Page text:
“Jaymasi” (Nepali Christian greeting meaning “Victory in Jesus Christ”.) We rejoice that the Lord opened a door of opportunity for us to visit Raymond and Naomi Burkholder (my wife’s sister) in Thailand and also to participate in a Macedonian Teaching Ministry conference with them. Thanks to the Burkholders for inviting us and serving as our guides. And praise be to God for the gifts of His grace and of health and safety for the full trip.
After spending about two and a half days in Thailand, we flew into Kathmandu, Nepal, on February 17. The next day we took a breath-taking trip through the high Himalaya foothills over the narrow snaking curves of the “Japanese Highway” (so-called because of the funding Japan had provided). After what seemed like an endless journey, we arrived at our small hotel in Phattepur in the Udayapur District of southeastern Nepal.
As we viewed the masses in both Thailand and Nepal and saw their shrines and altars, the statues of Buddha (who had been born in Nepal), and the people offering their morning sacrifice, I thought of Acts 17:16: “Now while Paul waited for them at Athens, his spirit was stirred in him, when he saw the city wholly given to idolatry.” About 81.3 % of the Nepali people are Hindu, 9.0 % Buddhists, 4.4 % Muslim, 1.4 % Christian, 3.9 % folk or other (Wikipedia statistics). Being a Christian in a country where less than 2 % of the people are Christian is quite different from being a Christian in Lancaster County, PA, our home area.
We attended Sunday morning services at a church in the village of Bhorleni, about twenty-five minutes’ drive from our hotel. This village, where we held the Pastors and Leaders Conference from February 20 to 23, amazingly was 85 % Christian with a total of six churches. There was even a private school, founded by a Christian pastor for the purpose of a Christian witness in the community. However, the school had to be neutral in faith, and therefore, it included Hindu teachers and students, and it could not have devotions or Bible class. We met an 84 year-old Christian man who was converted from being a witch doctor only four years ago. Another man gave his testimony of how he was the first Christian in that village, having been converted by receiving Christian literature while in the hospital.
Bhorleoni Village Leadership Conference Group
Raymond shared topics about the “Godly Family,” which I supplemented with a book study on Philippians. Raymond noted there are two ways to spread the Gospel of Jesus Christ: through evangelism and through the Christian family. About 120 men and women sat on the floor as is their custom and listened very attentively, followed after in their Bibles, and diligently took notes. They sang enthusiastically during times of worship. The conference reminded me of our first visit to Romania in 1991 while Christian Aid Ministries was sponsoring one of their first “Teaching Ministries Seminars” in Suceava area.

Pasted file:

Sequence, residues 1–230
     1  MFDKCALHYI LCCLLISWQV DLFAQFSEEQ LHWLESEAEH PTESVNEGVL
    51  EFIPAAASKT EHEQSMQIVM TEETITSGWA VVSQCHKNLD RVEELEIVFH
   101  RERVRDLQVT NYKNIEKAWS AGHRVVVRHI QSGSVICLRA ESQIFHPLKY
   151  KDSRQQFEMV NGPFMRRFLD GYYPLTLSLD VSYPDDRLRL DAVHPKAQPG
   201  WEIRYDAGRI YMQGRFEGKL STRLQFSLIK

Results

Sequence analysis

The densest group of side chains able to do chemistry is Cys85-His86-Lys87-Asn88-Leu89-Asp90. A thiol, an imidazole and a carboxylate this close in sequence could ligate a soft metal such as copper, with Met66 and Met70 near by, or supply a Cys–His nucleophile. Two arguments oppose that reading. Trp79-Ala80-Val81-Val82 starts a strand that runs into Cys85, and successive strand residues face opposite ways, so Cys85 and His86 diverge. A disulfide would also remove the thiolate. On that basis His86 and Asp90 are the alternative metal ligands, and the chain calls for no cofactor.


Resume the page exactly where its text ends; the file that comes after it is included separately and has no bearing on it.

A group of women attendees was participating in 40 days of prayer and fasting for the spread of Christianity in Nepal. When the others took their lunch break, these women gathered in a circle and prayed, which reminded me of Lydia and her friends who gathered at the river to pray, a prayer meeting that impacted the beginning of the Philippian Church. We also enjoyed a Nepali Wednesday evening church service just a short walk from our hotel. The elderly pastor had been converted from Hinduism about fifteen years ago and had served that church about ten years.
On Friday, February 24, when returning to Kathmandu, we needed to bypass a section where the highway had literally fallen from the mountainside within hours after we passed over it a week before (click here to see photo). Furthermore, we passed through many attempted “roadblocks” set up by mischievous boys hoping for some Nepali rupees. This was their way of celebrating a Hindu “Mahashivaratri festival,” which occured that day. We were informed that in this festival at the Pashupati temple, over 4,000 Hindu preists/gurus will smear their naked bodies with ashes, smoke marijuana, and dance, singing praises to “Lord Shiva.” Multitudes joined them in this idolatrous worship, and we saw many of them filling the street as we neared our hotel in Kathmandu. May the Lord open the eyes and hearts of the Nepalese that they may see!